My friend thinks everyone is against her. How do I help?

The question My friend has been unwell for a year. She is convinced her neighbours are trying to damage her property and trying to get all the locals against her. She installed CCTV cameras, then became agoraphobic and, although she managed to go back to work, she remains suspicious of everyone. She is stuck with her anger about her neighbours ruining her life and not wanting to give up her house although she has never been happy there.

I am not sure how to help her any more. I thought that I did not want to challenge her beliefs as she felt alienated enough, but part of me wants to say that I do not think that the neighbours would bother to follow her everywhere, convince hundreds of people to monitor her moves, tap her mobile or persuade people at work to cough at her “to make her think she is mad”.

My approach was to say the neighbours are not nice (they have never been) and she needs to find a place where she feels safe and to sort out her mental health as it has been affected by the bad relationship with her neighbours, a divorce and lockdown.

I would appreciate your advice. I know she is poorly and needs support, but I am not sure how to help her.

Philippa’s answer I cannot save you from anxiety about your friend, but let me see what I can do – although I should warn you it will be woefully inadequate – which is what I fear you will have to be, too. Accepting our own limits and uselessness is a necessary lesson sometimes. You appear sensitive and sensible and sound like a great asset to her. I guess that being on her own and feeling that she is surrounded by hostility has pushed her into paranoid delusions.

Why do we humans have a propensity to tip over into this state? I speculate it is because even though believing that everyone is out to get us feels scary, it is more comfortable – more survivable – than believing that we are invisible and count for nothing in everybody’s mind. Because, if no one knows whether we are breathing or not, we might as well cease to exist and, for many of us, this is terrifying. Therefore, convincing yourself that they are all out to get you becomes a handy defence mechanism.

What I’m saying is that paranoid delusions are often, in my humble and flexible opinion, an unconscious reflex to defend against not mattering to anyone, which makes us feel very unsafe. Having delusions means that her fear finds an outlet that she can cope with, whatever her original fear is – probably that of not mattering to anyone – she doesn’t have to face it if her mind comes up with a delusion instead, and her delusion (that she matters so much that the whole world is conspiring against her) would be easier for her to live with than total insignificance. Phobias are a similar phenomenon, only in the case of a phobia we know we are being irrational.

When you are phobic about something, you know you are being neurotic, but with paranoid delusions you are in a more serious psychotic state. Both conditions make you less able to connect with others, but a psychosis makes you difficult to reach as well, because your subjective experience differs so wildly from everyone else’s.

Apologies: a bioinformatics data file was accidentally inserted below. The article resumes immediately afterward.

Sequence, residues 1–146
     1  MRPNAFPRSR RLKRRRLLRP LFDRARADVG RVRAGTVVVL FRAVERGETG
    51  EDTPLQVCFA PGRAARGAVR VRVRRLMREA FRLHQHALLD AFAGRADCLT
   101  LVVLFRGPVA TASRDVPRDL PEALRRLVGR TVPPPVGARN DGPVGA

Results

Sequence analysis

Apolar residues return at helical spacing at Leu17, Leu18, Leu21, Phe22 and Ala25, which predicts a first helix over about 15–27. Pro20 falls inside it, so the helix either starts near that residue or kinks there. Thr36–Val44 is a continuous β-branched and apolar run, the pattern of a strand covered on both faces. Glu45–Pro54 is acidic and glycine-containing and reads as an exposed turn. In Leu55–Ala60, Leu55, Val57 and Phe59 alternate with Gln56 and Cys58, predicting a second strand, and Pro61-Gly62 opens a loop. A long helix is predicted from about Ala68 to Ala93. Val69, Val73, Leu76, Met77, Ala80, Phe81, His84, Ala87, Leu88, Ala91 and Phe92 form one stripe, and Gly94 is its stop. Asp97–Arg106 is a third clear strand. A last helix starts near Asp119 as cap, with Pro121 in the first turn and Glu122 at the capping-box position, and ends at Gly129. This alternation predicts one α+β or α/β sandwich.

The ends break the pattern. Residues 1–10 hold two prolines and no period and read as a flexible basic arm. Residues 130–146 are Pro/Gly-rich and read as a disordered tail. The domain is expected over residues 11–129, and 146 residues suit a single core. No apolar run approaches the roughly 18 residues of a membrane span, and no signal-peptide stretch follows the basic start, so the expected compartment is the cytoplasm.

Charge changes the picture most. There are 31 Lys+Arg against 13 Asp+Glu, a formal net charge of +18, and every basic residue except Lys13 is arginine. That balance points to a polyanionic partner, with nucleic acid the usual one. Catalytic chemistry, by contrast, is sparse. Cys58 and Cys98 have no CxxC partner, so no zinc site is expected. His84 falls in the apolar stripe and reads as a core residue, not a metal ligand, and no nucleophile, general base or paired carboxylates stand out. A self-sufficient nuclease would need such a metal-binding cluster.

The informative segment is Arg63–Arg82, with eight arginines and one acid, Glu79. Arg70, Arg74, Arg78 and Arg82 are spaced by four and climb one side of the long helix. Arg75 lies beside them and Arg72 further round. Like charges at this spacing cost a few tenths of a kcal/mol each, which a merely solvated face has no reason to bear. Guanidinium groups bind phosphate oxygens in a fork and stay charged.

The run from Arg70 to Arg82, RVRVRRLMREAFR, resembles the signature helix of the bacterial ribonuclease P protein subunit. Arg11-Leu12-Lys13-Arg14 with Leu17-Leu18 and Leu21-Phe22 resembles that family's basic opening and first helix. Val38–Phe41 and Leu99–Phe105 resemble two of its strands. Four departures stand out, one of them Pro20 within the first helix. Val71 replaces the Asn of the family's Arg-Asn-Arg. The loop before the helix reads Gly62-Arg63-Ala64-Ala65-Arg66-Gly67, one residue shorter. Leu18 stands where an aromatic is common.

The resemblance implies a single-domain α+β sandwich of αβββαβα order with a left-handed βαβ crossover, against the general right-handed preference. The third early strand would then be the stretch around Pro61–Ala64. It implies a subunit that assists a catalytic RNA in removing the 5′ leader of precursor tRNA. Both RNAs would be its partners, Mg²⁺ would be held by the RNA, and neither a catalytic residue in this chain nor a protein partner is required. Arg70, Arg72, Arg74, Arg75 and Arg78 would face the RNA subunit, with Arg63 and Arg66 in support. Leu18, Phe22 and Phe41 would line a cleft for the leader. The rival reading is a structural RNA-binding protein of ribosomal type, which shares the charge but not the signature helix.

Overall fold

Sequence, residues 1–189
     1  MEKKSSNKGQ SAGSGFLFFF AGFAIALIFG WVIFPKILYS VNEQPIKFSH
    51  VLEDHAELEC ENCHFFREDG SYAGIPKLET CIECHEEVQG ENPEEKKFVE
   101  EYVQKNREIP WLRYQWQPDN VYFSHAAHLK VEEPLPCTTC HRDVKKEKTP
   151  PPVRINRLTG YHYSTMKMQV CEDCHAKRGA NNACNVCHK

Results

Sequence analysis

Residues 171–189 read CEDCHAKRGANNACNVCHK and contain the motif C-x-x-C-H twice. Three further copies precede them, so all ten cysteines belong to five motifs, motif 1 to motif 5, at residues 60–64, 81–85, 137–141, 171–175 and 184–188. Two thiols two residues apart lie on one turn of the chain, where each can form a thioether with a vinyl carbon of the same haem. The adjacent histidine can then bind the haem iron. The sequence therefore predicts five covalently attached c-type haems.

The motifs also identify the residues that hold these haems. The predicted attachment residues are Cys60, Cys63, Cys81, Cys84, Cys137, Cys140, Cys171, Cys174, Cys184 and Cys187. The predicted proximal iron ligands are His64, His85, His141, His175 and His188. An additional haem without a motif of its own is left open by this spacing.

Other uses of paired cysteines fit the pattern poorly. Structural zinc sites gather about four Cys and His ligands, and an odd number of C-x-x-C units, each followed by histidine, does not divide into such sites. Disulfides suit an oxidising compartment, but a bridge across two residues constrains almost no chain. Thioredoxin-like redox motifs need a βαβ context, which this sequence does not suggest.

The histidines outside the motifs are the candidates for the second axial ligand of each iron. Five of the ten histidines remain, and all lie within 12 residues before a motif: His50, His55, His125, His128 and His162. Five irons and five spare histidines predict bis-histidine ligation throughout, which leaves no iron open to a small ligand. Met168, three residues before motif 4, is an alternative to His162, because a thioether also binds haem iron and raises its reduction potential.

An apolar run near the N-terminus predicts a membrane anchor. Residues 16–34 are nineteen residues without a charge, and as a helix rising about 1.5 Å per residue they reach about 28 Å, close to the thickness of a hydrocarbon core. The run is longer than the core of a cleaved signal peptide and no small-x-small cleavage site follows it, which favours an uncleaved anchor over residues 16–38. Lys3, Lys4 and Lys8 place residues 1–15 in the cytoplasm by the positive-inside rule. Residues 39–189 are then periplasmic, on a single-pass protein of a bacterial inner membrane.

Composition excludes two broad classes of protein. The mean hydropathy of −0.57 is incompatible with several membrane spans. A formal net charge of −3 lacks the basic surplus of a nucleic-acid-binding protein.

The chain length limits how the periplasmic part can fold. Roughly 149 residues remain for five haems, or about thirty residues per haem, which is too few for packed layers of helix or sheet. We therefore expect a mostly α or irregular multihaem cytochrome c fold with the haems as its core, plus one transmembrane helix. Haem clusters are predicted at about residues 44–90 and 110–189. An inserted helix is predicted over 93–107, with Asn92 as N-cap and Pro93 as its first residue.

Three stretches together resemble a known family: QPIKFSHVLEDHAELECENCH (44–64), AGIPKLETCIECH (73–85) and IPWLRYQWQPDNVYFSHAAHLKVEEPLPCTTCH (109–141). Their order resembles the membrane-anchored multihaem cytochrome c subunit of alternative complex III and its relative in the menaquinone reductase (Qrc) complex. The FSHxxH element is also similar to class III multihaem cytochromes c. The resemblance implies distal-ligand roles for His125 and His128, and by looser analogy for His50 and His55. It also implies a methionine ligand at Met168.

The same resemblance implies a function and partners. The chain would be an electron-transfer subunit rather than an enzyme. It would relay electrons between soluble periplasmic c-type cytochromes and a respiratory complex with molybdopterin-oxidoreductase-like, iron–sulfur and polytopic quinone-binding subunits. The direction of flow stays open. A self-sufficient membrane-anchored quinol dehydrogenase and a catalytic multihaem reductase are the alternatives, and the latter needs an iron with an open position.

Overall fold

This lack of connection matters because the people around us are like mirrors in which we see ourselves. How people respond to us works as a sort of system of checks and balances for our mental health.

The long lockdowns have played havoc with our minds. When every person is a probable source of infection and death we grow wary, especially of strangers. The pandemic made everyone a bit neurotic. Cognitively, we might know we would be missed if we disappeared, but our bodily experience of being isolated can trigger a fear state and then the brain comes up with narratives to make sense of it. In your friend’s case, her neighbours were experienced as hostile and they were probably the only people she saw. She is sensitive. You cannot be scolded out of sensitivity.

You are doing the right thing by understanding, listening, being available. Having calm people around her will be the best thing. At the moment, you are not challenging her, but not colluding either, so you are actually doing great. You sound as though you are being sensitive and your intuition of what she can take by way of challenge is probably good. If you could persuade her to see a psychiatrist that would be ideal, but couch it in terms of getting a professional person on her side, rather than telling her she’s mad. I don’t like thinking of people as mad, I prefer human, because if we had her constitution and environment and experiences, we would all be liable to fall into the same hole. Seeing a professional is desirable as she may be at risk of suicide.

I hope if I ever fall down the hole she has fallen down, I have someone like you in my life. Short answer: you are doing great.

If you have been affected by any of these issues, contact the Samaritans on 116 123

If you have a question, send a brief email to askphilippa@observer.co.uk